Muhammad Sanusi II Emir criticizes Buhari for endorsing current forex policy

While commending the President for the removal of fuel subsidy, Sanusi said the current forex policy encourages similar rent-seeking and corruption which plagued the subsidy regime.

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Emir Muhammad Sanusi II play

Emir Muhammad Sanusi II

(Leadership)
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Emir of Kano and former governor of the Central Bank of Nigeria (CBN), Alhaji Muhammad Sanusi II, has berated President Muhammadu Buhari’s endorsement of the CBN’s foreign exchange policy, saying the  policy encourages corruption.

While commending the President for the removal of fuel subsidy, Sanusi said the current forex policy encourages similar rent-seeking and corruption which plagued the subsidy regime.

He stated this in an interview with Financial Times.

The Emir stated that Buhari “has put an end to the (crude) swap regime which is also one side of rent-seeking and corruption. He has made the NNPC start producing accounts, so there is greater transparency.

“These measures are good for the economy and display strong political will to change the system. But getting monetary and fiscal policies right will be crucial for broader progress in structural reform.”

Sanusi however expressed surprise at Buhari's move to support forex regime, stating that the President's anti-corruption fight was “totally inconsistent”.

He said the monetary policy regime has “very obvious drawbacks that far outweigh its dubious benefits."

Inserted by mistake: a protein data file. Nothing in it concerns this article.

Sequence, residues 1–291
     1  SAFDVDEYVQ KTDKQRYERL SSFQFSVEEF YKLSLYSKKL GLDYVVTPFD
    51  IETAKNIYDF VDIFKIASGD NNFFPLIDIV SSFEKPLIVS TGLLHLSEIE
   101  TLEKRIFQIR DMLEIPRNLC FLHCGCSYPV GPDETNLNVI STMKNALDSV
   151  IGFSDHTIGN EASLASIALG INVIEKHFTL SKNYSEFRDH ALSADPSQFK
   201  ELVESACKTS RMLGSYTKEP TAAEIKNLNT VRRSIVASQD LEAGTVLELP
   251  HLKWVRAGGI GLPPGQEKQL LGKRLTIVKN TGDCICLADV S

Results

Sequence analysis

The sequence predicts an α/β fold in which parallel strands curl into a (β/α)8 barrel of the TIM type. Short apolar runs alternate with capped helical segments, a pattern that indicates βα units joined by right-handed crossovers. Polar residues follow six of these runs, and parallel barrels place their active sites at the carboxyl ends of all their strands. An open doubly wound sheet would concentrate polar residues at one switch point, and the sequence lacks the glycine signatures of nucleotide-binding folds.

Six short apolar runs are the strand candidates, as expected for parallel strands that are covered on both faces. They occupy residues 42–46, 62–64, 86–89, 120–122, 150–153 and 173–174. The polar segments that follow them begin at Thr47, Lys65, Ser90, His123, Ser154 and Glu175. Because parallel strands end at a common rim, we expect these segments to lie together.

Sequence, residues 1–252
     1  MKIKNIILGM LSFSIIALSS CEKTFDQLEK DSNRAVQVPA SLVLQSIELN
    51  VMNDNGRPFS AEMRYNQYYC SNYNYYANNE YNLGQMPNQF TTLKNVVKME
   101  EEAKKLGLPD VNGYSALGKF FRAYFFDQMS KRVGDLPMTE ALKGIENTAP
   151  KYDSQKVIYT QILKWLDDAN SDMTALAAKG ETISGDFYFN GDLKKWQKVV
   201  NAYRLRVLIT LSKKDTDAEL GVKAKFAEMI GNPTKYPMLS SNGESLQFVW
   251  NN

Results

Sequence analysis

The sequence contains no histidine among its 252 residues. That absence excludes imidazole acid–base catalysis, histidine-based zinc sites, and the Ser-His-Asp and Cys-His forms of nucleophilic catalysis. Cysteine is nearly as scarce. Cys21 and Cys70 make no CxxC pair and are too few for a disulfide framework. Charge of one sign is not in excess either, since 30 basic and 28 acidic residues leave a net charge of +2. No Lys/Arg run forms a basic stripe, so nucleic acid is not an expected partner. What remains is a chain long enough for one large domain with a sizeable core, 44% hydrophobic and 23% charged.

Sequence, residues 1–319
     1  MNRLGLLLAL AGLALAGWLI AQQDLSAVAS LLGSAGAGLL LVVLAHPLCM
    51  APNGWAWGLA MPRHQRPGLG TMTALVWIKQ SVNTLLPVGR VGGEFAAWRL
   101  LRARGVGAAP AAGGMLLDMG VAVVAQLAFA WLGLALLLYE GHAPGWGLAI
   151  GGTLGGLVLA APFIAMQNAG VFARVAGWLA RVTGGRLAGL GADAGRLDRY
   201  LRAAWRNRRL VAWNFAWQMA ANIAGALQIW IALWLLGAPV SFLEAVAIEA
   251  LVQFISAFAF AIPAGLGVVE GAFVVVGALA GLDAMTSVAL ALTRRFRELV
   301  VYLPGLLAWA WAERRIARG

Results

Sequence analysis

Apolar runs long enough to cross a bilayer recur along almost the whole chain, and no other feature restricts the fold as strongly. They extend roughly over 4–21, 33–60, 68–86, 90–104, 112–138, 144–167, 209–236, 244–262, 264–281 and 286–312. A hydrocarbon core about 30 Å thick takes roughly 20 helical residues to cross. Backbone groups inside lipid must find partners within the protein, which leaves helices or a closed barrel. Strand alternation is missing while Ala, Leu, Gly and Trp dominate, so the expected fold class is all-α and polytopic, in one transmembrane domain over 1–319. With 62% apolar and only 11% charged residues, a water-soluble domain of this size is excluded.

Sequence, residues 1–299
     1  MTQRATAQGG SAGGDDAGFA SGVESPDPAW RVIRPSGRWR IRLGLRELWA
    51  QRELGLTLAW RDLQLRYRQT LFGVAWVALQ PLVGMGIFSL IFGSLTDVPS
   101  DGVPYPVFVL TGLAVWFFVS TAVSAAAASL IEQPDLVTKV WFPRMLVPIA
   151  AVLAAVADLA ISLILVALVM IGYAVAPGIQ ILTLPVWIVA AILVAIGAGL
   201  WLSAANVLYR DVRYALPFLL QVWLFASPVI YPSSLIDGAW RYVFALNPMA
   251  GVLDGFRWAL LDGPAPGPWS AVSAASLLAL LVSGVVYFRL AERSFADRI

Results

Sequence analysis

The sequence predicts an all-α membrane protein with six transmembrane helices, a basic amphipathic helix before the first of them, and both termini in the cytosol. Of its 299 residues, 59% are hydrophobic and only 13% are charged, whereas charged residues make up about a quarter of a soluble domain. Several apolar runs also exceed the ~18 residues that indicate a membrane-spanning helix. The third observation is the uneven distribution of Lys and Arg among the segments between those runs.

“Unfortunately, because the exchange rate is right out there in front now, monetary policy is being seen as the barometer for broader economic thinking,” he said.

He added that, “It is sad that on this one policy you get it so wrong that you risk taking away attention from everything else you are doing.”

On why he did not devaluate naira when he was  CBN governor, he said at the time, the country “had reserves of over $40bn and an oil price at over $110.”

He said there is no easy way out of the current situation, stating that “devaluation is a bitter pill”.

READ: Why Sanusi married 18-yr-old Adamawa princess as 4th wife

He noted that the country’s economic misery has deepened, with the currency peg and restrictions in the foreign exchange market creating “a lot of speculative and precautionary demand”.

Exporters and investors “are holding on to foreign currency, as no one would sell at the rate the government is setting”, while “the government does not have the reserves to keep the exchange rate at its official level in the market”.

“These policies have been tried in different parts of the world and in this country before and they have just never worked. No matter what the stated intention behind them, they are wrong,” he said.

Sanusi further said that the gap between the black market rate and the official exchange rate would keep widening until the bank adopted a more realistic policy or the price of oil climbed and dramatically increased reserves.

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